While this is going down, Oat-Bran is still tree hangin’ and smack dab in the middle of a snowy vision. Oh damn, I just remembered, he can’t walk in his real life. Anyway, yeah—snow visions! He takes note of this massive army of ice zombies, who all look kind of sad or, at the very least, seem awfully quiet for a bunch that usually is busy stabbin’. Only their leaders get horses, and we’ll be kind enough to not point out their similarities to the Nazgul. Oh damn, though, because even though it was only a vision, the king of the ice zombies could see him in the vision. Somehow this translates to their position being known to all ice zombies which, in turn, translates to Oat-Bran having to become Max von-Tree-Dow.

Over on the Wall, a strategic meeting takes place to discuss their options in fighting Ramsay. Jon Snow is there, but he’s keeping quiet while Sansa explains to Daavos that he sucks at knowing what regional people are like. Basically, they’re gonna use the Stark name to draft themselves an army from all over the place. Brienne is awfully quiet through the meeting but then lectures Sansa on how she needs to play it the fuck cool from time to time. She jokes about Snow’s emo-ness and advises Sansa to not be so crazy. In fact, she’s got some shit-talk for basically everyone around, and that, my friends, is intense, although she is pretty good at killing fools, so she can probably back that trash talk up and then some. Snow’s got himself a new fur coat, and Sansa made him a belt or something. The leader of the Wildlings makes googly eyes at Brienne, because he’s probably attracted to people who know how to kick an ass, and then before you know it, they’re off on their ride to find people who’ll help them fuck up Ramsay’s shit.  It looks cold.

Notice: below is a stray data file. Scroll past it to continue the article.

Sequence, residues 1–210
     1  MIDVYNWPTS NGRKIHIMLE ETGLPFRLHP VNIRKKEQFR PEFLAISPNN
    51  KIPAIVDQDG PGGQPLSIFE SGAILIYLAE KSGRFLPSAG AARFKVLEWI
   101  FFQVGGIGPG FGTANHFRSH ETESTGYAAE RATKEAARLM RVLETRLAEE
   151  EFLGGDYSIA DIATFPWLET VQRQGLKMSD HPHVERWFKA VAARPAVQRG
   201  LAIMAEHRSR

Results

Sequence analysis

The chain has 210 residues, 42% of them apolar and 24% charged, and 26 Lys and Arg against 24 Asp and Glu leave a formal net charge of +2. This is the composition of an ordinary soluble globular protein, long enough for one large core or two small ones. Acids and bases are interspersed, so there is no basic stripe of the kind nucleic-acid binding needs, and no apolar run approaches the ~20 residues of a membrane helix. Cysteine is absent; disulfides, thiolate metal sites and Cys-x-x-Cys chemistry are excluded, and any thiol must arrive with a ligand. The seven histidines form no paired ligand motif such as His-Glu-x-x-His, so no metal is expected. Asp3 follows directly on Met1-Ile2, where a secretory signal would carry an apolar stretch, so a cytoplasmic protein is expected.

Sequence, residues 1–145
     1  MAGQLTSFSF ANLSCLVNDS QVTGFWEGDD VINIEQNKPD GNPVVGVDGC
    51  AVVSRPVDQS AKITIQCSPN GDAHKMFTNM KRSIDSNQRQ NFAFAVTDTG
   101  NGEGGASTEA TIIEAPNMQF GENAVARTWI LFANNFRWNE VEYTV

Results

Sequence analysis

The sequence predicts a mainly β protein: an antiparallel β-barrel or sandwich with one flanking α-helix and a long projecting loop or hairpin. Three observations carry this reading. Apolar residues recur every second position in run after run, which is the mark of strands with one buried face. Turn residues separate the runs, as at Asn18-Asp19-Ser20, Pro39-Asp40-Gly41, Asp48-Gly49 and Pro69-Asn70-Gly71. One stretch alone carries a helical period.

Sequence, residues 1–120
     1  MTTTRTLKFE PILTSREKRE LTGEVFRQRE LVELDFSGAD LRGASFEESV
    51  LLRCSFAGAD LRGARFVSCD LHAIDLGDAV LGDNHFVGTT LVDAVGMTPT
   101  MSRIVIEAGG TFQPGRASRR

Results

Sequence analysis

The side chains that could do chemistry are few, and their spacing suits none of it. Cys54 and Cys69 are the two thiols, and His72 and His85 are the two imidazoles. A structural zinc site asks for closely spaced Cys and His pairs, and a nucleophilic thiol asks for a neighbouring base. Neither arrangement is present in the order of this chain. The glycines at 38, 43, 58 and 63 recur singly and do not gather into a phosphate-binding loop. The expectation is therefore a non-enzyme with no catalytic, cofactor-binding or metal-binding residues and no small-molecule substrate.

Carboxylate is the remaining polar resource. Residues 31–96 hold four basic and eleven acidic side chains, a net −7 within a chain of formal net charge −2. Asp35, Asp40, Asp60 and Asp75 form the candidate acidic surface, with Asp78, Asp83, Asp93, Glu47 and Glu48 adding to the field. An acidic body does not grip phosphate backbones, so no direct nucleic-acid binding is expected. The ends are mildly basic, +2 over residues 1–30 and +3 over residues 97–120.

They cut back to Hodor and Oat-Bran and this one girl who is all about eggs, but even though that sounds pretty good, ice zombies have cometh to the cave, and shit’s about to get so real. The wood nymphs, who we just learned built these lousy ice jerks, jump to their aid for some reason, while Hodor Hodors it up furiously. Uh-oh, though, because Bran is still vision-ing. Luckily, the ice guys move pretty slowly, and the nymphs have hand grenades (somehow). It’s also probably lucky that the bad guys’ swords and spears are made out of ice, because you could probably just break ice, y’know? It’s pretty cool that they have those skeletons around to do their bidding, but it’d be a lot better if everyone could just get the hell out of there. 

In this last vision, Bran is learning what it means to be a Stark, but his timing could not be worse. There are even ice nosferatus clinging to the ceiling, and von Sydow just kind of watches quietly. Bran “wargs” into Hodor, which I guess is a real thing that allows him to control the gentle giant, but that wolf of theirs gets it good! Oh damn, finally some action! These ice jerks don’t much care for the vision-causing tree punk, and they cut him down. Good thing that last nymph was there to set off one of her grenades. Yikes. It’s also a good thing that the ice zombie foot soldiers’ one weakness is a closed door.